People are the lifeblood of what makes hospitality so interesting and exciting. It’s people who promote aspirational brands, create unforgettable moments and nurture talent.
We are also an eclectic industry: a five-star hotel, a digital conference suite, a school dining room and a food photography studio are all aspects of the same industry, with one common theme. People.
In whatever sector of the industry we operate, how we treat and look after our people is something we should all consider a priority.
I had a discussion recently with a member of our hospitality family who felt flat, demotivated, beaten.
This person was a leader, with a team to lead and a senior to report in to. The culture of the business relied on messenger systems for group communication. This “one step removed” nature of communication had led to a working environment and system akin to a Roman Colosseum, with the crowd watching the battle from a distance, and the inevitable defeat.
We are all concerned about the people and skills shortage resulting from the pandemic and the loss of free movement for EU citizens following Brexit. Latest estimates showed that over 355,000 hospitality roles have been lost, and available roles exceed available talent.
1.3 million non-UK nationals have left our shores, compounding the challenge of recruitment. Caterer.com reports a surge in hospitality job vacancies, with a rise in job postings of 85% in the last few weeks alone.
As a General Manager in the hotel sector, I observed near-full occupancy when we emerged from the first lockdown. Now, thanks to a successful vaccine roll-out, the easing of restrictions and some limited foreign travel, we are ready to emerge from lockdown again. And as we do so, we face a market where our teams have an increased choice as to who they are employed by.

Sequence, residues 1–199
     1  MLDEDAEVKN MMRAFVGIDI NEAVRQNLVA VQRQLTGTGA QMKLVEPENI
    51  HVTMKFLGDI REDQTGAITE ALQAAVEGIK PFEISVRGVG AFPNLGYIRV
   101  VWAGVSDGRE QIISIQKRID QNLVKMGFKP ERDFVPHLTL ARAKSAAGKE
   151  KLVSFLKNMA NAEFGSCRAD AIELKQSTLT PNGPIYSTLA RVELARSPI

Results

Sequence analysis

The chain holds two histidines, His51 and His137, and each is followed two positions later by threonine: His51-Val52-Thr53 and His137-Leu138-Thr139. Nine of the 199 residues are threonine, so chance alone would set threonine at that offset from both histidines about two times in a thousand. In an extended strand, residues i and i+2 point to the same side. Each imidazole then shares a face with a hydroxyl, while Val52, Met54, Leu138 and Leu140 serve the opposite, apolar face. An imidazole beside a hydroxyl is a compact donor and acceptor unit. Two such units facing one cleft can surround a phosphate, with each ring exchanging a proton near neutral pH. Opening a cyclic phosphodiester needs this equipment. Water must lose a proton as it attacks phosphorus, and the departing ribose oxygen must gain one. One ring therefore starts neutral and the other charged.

Now, more than ever, our industry calls for inspirational, enlightened leadership. Both aggressive and excessively hands-off cultures where people are not valued will find themselves quite quickly at the back of the queue for talent, or watch standards drop within their businesses as turnover rates grow. Leadership is not a spectator sport; we don’t work in colosseums. It’s about being in touch with people and caring for them — our customers absolutely, but even more importantly, those who make up our teams.
The hospitality colleague I referred to earlier has left that business, joining a new one with a more inclusive, people-focused culture. I was told that it was like a weight had been lifted, and my colleague is now thriving.
There are so many inspirational leaders out there, but conversely this does not account for the totality of our industry. Some leaders need to learn and recognise their biggest asset, their people.
We are a people industry after all.
Robert Richardson FIH, Chief Executive, The Institute of Hospitality
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Hospitality & Catering News: Leading through recognition of hospitality’s greatest asset. – 16 May 2021 – Leading through recognition of hospitality’s greatest asset.
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